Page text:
Tip 3: Make sure the car battery is safe and has good battery cables. The battery needs to be secured at all times. If a battery is jostling around it will be impaired and could short circuit. This will ruin the battery — and even damage your car while creating a security risk. The same could happen when you have bad battery cables (or they’re not connected correctly ). So check your cables and make sure they have a secure connection as well.
Tip 4: Insulate your car battery from extreme changes in temperature. Protecting your vehicle battery from big changes in temperature will help optimize the battery’s lifespan. To do this you can use a car battery insulation kit. Newer model cars currently have these kits installed typically. But if your car doesn’t have one, you can easily set up one yourself. Just be certain it fits your car’s battery compartment. Generally the companies selling these battery insulation kits will have a form on their website where you can put in your car model and year, and it’ll tell you if your battery will fit their kit — like here (top of page). These protective battery sleeves are usually made of plastic or an acid resistant, thermal resistant material. These car battery insulation kits will insulate your battery and guard it while still allowing appropriate ventilation.
Tip 5: Fully charge your car battery at least once a week (use a car battery charger or shut-off if you have to). Your car battery drains even when the car is off. This happens because current is drawn from the battery by car accessories (radio, lights, etc.) or even the car computers. This is why people come home from long holidays and locate their car battery dead. But to avoid this, you can use either a car battery charger or a solar battery charger.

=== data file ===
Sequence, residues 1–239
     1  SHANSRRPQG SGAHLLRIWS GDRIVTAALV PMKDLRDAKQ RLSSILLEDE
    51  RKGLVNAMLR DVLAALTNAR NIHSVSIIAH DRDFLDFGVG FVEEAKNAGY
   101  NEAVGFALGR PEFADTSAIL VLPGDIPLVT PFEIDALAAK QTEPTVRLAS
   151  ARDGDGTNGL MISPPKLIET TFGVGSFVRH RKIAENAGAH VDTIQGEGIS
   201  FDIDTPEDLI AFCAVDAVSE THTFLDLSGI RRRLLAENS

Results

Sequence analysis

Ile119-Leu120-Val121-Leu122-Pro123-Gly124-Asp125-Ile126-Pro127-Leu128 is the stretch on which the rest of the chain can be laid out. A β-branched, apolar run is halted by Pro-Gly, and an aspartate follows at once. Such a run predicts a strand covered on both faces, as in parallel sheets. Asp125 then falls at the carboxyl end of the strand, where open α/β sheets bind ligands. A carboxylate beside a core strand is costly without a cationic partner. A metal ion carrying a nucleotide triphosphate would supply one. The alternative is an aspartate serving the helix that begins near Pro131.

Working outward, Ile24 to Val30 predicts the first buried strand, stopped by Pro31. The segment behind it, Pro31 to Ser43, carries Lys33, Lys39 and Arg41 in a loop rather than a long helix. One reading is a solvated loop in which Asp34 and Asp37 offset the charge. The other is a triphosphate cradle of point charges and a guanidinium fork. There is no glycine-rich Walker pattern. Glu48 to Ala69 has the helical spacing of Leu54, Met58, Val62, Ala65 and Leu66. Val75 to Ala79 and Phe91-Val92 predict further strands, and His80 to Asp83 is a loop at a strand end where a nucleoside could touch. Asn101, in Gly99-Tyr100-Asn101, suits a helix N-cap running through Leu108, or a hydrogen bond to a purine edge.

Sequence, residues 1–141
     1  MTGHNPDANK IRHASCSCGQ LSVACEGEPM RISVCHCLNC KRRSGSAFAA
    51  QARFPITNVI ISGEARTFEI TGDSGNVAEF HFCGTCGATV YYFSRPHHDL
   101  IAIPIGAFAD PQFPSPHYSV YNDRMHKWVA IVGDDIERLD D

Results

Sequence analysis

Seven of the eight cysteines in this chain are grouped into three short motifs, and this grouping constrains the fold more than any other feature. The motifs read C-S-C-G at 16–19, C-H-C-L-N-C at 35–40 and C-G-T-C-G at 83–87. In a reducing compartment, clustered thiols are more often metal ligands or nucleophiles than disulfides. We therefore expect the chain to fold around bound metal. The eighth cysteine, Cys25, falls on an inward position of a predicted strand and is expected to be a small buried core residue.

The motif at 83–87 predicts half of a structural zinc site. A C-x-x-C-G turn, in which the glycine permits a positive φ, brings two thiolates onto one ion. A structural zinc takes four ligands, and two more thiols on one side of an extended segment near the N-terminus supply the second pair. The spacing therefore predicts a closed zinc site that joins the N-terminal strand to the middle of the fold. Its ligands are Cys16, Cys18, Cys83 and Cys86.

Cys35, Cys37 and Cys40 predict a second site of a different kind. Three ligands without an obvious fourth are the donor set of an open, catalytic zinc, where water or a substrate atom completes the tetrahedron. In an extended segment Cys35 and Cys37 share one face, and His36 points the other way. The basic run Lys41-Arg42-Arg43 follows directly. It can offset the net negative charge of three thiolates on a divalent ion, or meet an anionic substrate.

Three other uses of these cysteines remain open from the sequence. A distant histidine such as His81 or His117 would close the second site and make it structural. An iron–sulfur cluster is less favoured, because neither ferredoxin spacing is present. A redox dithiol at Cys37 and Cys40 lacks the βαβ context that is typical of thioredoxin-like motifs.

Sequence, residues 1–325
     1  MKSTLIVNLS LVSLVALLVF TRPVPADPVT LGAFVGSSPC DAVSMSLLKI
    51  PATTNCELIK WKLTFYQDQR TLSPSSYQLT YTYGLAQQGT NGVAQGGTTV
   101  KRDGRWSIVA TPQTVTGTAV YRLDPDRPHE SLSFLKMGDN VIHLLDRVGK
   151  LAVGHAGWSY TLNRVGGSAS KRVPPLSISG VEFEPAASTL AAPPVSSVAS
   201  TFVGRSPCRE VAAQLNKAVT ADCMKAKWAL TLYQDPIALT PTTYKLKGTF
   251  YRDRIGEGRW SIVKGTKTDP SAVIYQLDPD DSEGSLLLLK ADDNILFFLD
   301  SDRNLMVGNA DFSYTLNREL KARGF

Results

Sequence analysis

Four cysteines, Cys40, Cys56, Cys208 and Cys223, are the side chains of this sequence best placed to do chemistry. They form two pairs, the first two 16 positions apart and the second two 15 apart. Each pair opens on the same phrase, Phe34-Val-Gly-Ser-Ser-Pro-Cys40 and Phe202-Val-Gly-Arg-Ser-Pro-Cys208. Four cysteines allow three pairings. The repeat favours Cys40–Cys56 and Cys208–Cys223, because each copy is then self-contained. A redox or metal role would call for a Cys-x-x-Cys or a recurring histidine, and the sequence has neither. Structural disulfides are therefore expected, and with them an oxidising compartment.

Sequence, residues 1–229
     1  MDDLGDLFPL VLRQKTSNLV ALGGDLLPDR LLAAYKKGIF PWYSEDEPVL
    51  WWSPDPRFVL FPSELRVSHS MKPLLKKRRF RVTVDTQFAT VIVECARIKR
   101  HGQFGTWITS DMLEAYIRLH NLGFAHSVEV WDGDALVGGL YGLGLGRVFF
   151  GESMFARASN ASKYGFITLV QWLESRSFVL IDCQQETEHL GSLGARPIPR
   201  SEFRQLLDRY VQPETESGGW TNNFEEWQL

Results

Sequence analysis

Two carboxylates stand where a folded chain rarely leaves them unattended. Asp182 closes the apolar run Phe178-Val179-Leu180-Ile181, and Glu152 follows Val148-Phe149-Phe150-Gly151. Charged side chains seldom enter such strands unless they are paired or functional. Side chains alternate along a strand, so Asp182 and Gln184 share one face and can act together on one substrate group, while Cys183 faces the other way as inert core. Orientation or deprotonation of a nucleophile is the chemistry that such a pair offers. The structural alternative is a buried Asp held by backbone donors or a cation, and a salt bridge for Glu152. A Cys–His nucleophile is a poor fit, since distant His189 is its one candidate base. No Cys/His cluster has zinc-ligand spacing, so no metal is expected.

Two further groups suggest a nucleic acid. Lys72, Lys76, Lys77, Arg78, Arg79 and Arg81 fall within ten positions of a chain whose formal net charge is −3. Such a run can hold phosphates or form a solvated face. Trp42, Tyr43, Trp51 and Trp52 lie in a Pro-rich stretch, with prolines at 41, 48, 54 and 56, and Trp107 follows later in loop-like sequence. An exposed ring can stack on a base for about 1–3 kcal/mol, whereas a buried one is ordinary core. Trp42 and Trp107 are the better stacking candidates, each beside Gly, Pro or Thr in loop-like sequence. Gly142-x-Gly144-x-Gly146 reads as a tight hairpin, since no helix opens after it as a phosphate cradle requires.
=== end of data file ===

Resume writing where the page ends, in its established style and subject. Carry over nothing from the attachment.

Car battery chargers (regular or solar) will keep the optimum charge level of your car battery when the vehicle is not in use. They do it by providing enough power for your car accessories and car computer, so they don’t always draw current from the car battery when the car is off. They’re also helpful if you go on plenty of short car trips (like to work and back daily ) and never give your battery a chance to fully recharge. Repeatedly doing so can dramatically enhance your battery’s life — unless you use a car battery charger or interchange batteries, leaving you at home to fully charge. The main thing to remember with this suggestion is…make sure you fully charge your car battery at least once a week since it will greatly increase the life of your battery. Do this with a charger, interchanging batteries…or just going on a car ride long enough to recharge the battery.
Tip 6: Check your car battery’s water level. Most car batteries indicate if there’s a need for water. So check the car battery water level indicator regularly and if water is required, refill the battery with distilled water (and that is important, ONLY use distilled water to refill your car battery).
Lead-acid batteries release oxygen and hydrogen gases when they’re overcharged.
It can be explosive.
Tip 8: Assess your car’s alternator. If you are doing everything we have recommended in this article but your automobile batteries are dying early, you will want to look at your car’s alternator (or find a mechanic to check it). If your alternator is bad it will results in ineffective recharging of your battery and dramatically shorten your battery’s lifespan.